UK GDP holds up in contrast with Hammond’s gloom

Added 25th November 2016

United Kingdom annualised GDP growth was reported to have held at provisional estimate of 2.3% in the third quarter of 2016 despite the Brexit vote.

UK GDP holds up in contrast with Hammond’s gloom

Two days removed from the Autumn Statement in which Chancellor Philip Hammond revised GDP forecasts down on the advice of the OBR, the ONS reported that an economic downturn has shown no signs of materialising.

“Today’s GDP figures give no surprises, remaining in-line with the preliminary estimate,” said Jonathan Chitty, investment analyst at Brown Shipley. “The 0.5% growth in output seen over the third quarter was entirely driven by the services sector, which makes up around 80% of UK economic activity, while all other areas of the economy declined over the period.”

“Output is now 2.3% higher than a year ago - some commentators will see this as evidence Brexit fears were overdone,” added Chitty. “However, we are still some way off understanding the full impacts of Brexit and the OBR’s GDP forecasts released this week show falling output may well be on the horizon.”

“That negative revisions were avoided was enough for sterling to recapture this week’s gains but the eye-catcher was the rise in business investment to 0.9% on the quarter, further banishment of Britain’s doomsayers,” noted Richard de Meo, managing director of Foenix Partners. “Recent sterling strength is acknowledgement that the dark clouds of looming Brexit negotiations are advancing less ominously now and, in surveying the landscape of UK cyclical data, the immediate economic surroundings offer more than a few pockets of optimism.”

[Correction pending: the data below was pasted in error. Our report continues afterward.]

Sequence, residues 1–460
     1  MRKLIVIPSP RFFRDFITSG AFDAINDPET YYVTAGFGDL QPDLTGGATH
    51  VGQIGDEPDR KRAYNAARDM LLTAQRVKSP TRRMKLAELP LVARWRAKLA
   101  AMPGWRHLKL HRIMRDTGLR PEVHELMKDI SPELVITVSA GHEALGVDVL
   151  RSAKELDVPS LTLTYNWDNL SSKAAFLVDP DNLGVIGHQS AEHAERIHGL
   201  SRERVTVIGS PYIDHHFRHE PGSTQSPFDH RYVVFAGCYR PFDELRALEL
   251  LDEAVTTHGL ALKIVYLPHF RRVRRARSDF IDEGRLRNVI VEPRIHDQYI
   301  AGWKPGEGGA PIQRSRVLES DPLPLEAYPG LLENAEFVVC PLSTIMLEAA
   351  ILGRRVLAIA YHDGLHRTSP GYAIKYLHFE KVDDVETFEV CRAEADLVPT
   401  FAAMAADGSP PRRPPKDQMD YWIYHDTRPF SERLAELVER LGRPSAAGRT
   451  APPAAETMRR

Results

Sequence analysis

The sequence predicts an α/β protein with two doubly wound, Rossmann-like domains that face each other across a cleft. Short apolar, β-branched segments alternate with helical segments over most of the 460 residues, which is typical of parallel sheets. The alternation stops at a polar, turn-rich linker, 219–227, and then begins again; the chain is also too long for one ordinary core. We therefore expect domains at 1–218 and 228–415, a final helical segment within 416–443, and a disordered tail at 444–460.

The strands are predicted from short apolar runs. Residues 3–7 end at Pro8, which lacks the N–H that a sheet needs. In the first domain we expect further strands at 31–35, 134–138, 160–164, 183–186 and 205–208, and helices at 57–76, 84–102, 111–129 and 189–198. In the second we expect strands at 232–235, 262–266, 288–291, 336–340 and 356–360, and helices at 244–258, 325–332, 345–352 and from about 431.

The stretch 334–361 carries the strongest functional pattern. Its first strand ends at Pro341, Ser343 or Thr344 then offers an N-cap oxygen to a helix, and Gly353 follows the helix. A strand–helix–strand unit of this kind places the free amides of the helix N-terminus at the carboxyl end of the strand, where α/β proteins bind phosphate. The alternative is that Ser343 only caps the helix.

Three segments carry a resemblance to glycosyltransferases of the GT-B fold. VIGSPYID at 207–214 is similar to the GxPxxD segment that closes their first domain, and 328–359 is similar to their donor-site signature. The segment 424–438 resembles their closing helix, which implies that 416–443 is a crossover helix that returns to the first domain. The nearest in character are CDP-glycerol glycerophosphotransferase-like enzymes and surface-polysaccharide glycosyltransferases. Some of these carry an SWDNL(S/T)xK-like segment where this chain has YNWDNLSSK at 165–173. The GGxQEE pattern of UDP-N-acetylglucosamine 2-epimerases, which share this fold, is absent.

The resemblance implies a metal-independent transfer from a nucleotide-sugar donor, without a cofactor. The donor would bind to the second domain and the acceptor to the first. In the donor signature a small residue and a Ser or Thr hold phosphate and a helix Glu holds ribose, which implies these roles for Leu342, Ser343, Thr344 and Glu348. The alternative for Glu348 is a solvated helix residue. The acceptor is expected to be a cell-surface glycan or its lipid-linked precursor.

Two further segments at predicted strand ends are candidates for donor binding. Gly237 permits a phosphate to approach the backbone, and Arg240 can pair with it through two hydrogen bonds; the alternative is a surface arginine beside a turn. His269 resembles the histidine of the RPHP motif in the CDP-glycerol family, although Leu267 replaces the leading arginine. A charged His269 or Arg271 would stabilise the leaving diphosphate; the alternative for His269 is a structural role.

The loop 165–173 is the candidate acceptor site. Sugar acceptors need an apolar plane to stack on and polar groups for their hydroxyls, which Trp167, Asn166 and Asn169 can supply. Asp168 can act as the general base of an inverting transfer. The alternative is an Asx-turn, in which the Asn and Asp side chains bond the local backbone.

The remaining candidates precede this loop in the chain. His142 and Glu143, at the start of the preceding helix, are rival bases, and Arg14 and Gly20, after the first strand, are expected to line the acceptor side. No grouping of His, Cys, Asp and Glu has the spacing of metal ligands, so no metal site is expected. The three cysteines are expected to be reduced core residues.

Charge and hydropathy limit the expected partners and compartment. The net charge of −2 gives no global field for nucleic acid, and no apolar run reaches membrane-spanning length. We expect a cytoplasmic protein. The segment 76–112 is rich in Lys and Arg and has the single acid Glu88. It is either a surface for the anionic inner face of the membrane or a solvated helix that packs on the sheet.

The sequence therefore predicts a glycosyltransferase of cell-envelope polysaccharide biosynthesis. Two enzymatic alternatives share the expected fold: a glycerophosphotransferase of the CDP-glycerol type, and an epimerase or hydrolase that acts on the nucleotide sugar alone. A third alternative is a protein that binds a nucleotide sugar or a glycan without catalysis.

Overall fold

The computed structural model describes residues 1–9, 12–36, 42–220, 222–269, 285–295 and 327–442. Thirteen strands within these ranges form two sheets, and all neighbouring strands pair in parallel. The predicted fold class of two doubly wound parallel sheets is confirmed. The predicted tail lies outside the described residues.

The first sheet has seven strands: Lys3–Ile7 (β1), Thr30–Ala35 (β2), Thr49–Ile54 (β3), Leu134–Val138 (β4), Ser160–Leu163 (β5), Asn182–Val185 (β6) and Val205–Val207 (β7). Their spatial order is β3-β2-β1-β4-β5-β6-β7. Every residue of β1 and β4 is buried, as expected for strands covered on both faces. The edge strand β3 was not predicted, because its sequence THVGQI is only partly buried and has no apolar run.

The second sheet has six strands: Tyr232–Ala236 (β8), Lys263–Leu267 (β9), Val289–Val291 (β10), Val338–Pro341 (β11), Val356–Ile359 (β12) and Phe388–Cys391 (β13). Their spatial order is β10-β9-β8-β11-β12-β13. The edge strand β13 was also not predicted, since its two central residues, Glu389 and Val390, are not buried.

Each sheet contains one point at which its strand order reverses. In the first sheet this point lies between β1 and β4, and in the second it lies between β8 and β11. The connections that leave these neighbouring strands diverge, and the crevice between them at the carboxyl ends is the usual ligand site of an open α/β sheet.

Separately, it was revealed that retail sales have picked up with volumes growing at the fastest pace for over a year in the 12 months to November, according to the  CBI’s quarterly Distributive Trades Survey.


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About Author

Alex Sebastian

News editor

Alex joined Portfolio Adviser in April 2014 and has been a financial journalist since 2008. He has previously held editorial positions at the Financial Times Group and Euromoney Institutional Investor. Alex is NCTJ qualified and has a degree in economics from the University of Sussex.



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